Meta Faces $600 Million Fine in Europe Over Possible Violations of Evolving Data Protection Laws


Meta’s facing a new battle in Spain, with a coalition of Spanish media outlets seeking $US600 million in damages as part of an anti-competitive lawsuit against the company, alleging that Meta has repeatedly violated EU data protection rules in order to dominate the local ads market.

The group, representing 83 Spanish media outlets, claims that Meta has continued to gather user data without consent, in violation of the E.U. General Data Protection Regulation (GDPR), which went into effect in 2018.

Under the GDPR, all platforms that utilize personal data must gain explicit consent from users for such, but the group claims that Meta has failed to do so, in the E.U. nations, and everywhere else, which sees it both operating in violation of the laws, and maximizing its own market dominance through the same.

In order to comply with the GDPR, Meta has been working on varying interpretations of the legislation, particularly in relation to how users can signal consent.

Back in January, Meta outlined how it was working to adhere to GDPR mandates by re-framing the requirements of its apps.

As per Meta:

Facebook and Instagram are inherently personalized, and we believe that providing each user with their own unique experience – including the ads they see – is a necessary and essential part of that service. To date, we have relied on a legal basis called ‘Contractual Necessity’ to show people behavioral advertisements based on their activities on our platforms, subject to their safety and privacy settings. It would be highly unusual for a social media service not to be tailored to the individual user.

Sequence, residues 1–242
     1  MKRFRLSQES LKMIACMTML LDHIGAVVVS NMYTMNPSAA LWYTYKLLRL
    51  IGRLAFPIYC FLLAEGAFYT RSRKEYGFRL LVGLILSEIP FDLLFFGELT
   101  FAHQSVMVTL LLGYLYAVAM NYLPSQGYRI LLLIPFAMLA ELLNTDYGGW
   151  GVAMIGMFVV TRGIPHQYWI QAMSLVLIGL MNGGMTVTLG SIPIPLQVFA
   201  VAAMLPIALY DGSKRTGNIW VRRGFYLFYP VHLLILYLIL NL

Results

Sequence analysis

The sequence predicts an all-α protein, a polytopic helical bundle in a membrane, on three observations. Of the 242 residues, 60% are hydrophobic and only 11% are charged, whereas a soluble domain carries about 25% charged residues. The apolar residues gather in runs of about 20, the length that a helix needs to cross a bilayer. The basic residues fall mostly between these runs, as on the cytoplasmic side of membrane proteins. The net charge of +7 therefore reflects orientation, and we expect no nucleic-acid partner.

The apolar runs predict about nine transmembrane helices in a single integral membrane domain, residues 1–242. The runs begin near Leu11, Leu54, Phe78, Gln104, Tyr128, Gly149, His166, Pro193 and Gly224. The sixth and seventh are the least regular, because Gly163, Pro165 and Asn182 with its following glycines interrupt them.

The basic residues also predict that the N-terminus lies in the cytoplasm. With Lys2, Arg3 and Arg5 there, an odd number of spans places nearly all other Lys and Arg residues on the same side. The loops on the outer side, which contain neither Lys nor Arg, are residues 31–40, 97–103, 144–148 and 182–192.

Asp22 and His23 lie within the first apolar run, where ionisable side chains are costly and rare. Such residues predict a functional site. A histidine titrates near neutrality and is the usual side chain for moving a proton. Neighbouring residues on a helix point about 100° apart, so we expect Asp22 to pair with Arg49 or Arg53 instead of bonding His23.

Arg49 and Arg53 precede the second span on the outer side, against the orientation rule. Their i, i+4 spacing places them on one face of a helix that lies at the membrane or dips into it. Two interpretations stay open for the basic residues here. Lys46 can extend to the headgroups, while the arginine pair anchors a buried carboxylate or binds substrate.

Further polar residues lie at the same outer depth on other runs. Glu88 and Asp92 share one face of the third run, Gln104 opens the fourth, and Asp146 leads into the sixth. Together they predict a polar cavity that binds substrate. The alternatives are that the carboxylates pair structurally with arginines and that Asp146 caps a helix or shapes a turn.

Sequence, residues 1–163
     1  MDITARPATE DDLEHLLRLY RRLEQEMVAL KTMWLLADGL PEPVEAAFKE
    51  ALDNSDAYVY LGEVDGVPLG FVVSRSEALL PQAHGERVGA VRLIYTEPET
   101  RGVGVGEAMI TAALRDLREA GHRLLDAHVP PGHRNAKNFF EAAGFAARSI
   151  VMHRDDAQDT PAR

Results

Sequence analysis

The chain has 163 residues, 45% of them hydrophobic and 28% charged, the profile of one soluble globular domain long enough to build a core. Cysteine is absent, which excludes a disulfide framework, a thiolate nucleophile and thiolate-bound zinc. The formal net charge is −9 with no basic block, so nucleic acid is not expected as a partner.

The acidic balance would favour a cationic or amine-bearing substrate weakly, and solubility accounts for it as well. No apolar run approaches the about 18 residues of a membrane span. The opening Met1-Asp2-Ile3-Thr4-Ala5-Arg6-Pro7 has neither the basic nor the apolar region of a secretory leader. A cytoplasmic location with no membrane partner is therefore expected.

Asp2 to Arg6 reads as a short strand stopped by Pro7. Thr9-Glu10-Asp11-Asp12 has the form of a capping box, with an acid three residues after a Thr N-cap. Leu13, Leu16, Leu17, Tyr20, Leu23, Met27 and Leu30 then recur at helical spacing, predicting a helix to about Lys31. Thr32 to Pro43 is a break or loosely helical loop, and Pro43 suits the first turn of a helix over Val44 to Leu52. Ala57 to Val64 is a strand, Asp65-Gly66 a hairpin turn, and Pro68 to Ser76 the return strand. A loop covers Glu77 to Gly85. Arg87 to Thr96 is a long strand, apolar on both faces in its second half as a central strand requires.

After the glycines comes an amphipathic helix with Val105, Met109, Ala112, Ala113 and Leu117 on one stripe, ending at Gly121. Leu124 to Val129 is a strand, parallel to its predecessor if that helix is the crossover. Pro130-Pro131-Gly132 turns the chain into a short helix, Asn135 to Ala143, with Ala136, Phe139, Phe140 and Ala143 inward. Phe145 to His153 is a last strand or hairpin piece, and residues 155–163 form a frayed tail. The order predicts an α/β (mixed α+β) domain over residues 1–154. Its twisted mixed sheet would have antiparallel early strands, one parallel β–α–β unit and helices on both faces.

This specific approach seems to be the core of this new push, with Meta recently conceding that it will have to update the legal basis that it uses to process “certain data for behavioral advertising”.

“This change is to address a number of evolving and emerging regulatory requirements in the region, notably how our lead data protection regulator in the EU, the Irish Data Protection Commission (DPC), is now interpreting GDPR in light of recent legal rulings, as well as anticipating the entry into force of the Digital Markets Act (DMA).”

It seems that this element of interpretation has led to a new push from the Spanish media coalition, which it claims could be applied in every other region where Meta operates as well.

Meta has yet to comment on the new filing.

Evolving E.U. data regulations have caused major headaches for all website operators, implementing new requirements to adhere to its rules around user consent and data permissions. Within that, various major companies have also tried to find loopholes in the system that will enable them to continue offering their services as they always have, without impacting their processes.

Meta’s latest trick on this front is its new ad-free subscription package for E.U. users, which essentially enables Meta to maintain its primary ad-serving business model, while also giving users an opt-out if they pay up. Meta doesn’t actually want users to pay for an ad-free version, but simply providing the option is enough, in some legal interpretations at least, to meet these new requirements.

Though that’s also being challenged, with a privacy group filing a complaint with the Austrian Data Protection Authority claiming that this approach, which essentially forces users to pay to maintain data privacy, is also in breach of GDPR rules.

There’s a lot of legal complexity here, far more than anyone who’s not studying each element will be able to fully comprehend, but it seems that the full implications of each element of Europe’s privacy laws are still not entirely ironed out, or clarified for all parties.

This new push will lead to further clarification, though the challenges will likely keep coming, keeping Meta’s E.U. legal team in courts for some time yet.

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